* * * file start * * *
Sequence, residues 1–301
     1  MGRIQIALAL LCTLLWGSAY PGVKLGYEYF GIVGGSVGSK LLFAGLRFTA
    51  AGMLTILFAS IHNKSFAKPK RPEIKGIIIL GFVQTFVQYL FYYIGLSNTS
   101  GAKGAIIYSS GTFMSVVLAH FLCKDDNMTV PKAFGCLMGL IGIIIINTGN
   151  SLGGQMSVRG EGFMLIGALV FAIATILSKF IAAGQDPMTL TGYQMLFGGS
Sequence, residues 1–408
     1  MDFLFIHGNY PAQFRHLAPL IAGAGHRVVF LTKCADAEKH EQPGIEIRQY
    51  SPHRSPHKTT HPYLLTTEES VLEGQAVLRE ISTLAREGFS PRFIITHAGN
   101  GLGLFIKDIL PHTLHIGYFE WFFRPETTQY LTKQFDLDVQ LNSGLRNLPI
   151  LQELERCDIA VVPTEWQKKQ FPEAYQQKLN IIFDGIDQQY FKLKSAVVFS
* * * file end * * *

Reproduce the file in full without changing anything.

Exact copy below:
Sequence, residues 1–301
     1  MGRIQIALAL LCTLLWGSAY PGVKLGYEYF GIVGGSVGSK LLFAGLRFTA
    51  AGMLTILFAS IHNKSFAKPK RPEIKGIIIL GFVQTFVQYL FYYIGLSNTS
   101  GAKGAIIYSS GTFMSVVLAH FLCKDDNMTV PKAFGCLMGL IGIIIINTGN
   151  SLGGQMSVRG EGFMLIGALV FAIATILSKF IAAGQDPMTL TGYQMLFGGS
Sequence, residues 1–408
     1  MDFLFIHGNY PAQFRHLAPL IAGAGHRVVF LTKCADAEKH EQPGIEIRQY
    51  SPHRSPHKTT HPYLLTTEES VLEGQAVLRE ISTLAREGFS PRFIITHAGN
   101  GLGLFIKDIL PHTLHIGYFE WFFRPETTQY LTKQFDLDVQ LNSGLRNLPI
   151  LQELERCDIA VVPTEWQKKQ FPEAYQQKLN IIFDGIDQQY FKLKSAVVFS